Let’s discuss it a bit. The Canvas and Point types are pretty obvious, in fact this design just assumes that they are already provided by the third-party libraries, so that we can focus on our figures.

Now the Widget types. Following the dependency inversion principle, we decided to make our rendering layer independent of the particular implementation of the things that will populate it. Therefore we created an abstraction of a drawable entity with a rather weak definition of the abstraction, i.e., a drawable is anything that implements ('a -> Canvas.t -> unit) method. We will later muse on how we will extend this abstraction without breaking good relationships with colleagues.

Another point of view on Widget is that it defines a Drawable type class and that Widget.create is defining an instance of that class, so we could even choose a different naming for that, e.g.,

module Draw : sig 
  type t
  val instance : ('a -> Canvas.t -> unit) -> 'a -> t
  val render : t -> Canvas.t -> unit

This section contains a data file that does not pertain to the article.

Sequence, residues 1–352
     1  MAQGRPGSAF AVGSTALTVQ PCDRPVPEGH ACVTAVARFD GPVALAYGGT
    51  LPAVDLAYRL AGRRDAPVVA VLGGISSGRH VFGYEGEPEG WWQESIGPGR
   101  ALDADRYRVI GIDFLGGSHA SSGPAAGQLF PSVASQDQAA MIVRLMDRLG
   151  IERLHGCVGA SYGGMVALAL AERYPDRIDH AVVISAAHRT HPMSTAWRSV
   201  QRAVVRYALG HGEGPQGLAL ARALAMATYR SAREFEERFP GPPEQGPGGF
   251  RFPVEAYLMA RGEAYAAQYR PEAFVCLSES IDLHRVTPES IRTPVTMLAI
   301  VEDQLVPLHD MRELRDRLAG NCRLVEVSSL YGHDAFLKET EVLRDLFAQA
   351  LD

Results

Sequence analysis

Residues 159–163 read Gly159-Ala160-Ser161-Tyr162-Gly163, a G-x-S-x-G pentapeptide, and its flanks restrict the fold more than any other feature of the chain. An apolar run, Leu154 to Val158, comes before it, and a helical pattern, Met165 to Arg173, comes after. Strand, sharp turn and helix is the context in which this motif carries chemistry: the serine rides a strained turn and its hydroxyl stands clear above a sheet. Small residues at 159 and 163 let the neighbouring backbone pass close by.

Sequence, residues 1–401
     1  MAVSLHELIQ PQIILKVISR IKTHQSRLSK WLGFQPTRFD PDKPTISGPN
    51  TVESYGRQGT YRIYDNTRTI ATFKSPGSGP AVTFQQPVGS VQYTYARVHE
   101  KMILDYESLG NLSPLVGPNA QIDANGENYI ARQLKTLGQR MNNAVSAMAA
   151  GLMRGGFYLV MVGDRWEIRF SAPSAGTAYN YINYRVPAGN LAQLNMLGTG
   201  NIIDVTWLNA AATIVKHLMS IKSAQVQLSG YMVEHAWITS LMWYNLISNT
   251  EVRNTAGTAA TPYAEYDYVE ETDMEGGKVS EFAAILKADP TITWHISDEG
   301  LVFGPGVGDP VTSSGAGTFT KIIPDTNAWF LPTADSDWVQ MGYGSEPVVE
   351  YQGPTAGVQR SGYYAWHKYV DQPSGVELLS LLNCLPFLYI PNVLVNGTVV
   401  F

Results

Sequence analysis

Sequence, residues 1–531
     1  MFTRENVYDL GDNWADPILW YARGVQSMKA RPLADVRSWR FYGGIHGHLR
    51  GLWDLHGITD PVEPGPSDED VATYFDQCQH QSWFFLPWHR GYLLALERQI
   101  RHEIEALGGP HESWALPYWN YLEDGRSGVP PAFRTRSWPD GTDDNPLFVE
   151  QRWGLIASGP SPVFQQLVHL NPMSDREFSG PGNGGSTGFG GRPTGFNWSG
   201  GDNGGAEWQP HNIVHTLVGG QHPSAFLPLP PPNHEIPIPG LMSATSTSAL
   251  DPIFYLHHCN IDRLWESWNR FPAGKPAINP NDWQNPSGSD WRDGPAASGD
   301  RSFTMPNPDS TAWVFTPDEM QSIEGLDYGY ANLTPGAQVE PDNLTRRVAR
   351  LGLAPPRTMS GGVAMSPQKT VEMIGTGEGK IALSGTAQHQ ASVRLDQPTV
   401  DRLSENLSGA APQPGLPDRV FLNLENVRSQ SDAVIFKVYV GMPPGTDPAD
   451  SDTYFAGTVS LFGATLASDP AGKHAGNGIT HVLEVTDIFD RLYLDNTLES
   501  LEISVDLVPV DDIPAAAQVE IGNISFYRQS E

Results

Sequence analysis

The particular choice depends on the mindset of your team, but I bet that the Widget abstraction would fit better more people.

But let’s go back to our figures. So far we only decided that a figure is any type t that defines val widget : t -> Widget.t. We can view this from the type classes standpoint as that the figure class is an instance of the widget class. Or we can invoke Curry-Howard isomorphism and notice that val widget : t -> Widget.t is a theorem that states that every figure is a widget.

The rest should be trivial with these signatures, so let’s move forward and develop MVP,

module Prototype : Project = struct

  module Point = struct
    type t = {x : int; y : int}
    let create x y = {x; y}
    let x {x} = x
    let y {y} = y
    let show {x; y} = "(" ^ string_of_int x ^ ", " ^ string_of_int y ^ ")"

  module Canvas = struct
    type t = unit
    let empty = ()
    let text _canvas _position = print_endline

  module Widget = struct
    type t = Widget : {
        draw : 'obj -> Canvas.t -> unit;
        self : 'obj;
      } -> t

    let create draw self = Widget {self; draw}
    let draw (Widget {draw; self}) canvas = draw self canvas

  module type Figure = sig
    type t
    val widget : t -> Widget.t

  module Rectangle = struct
    type t = {ll : Point.t; ur : Point.t}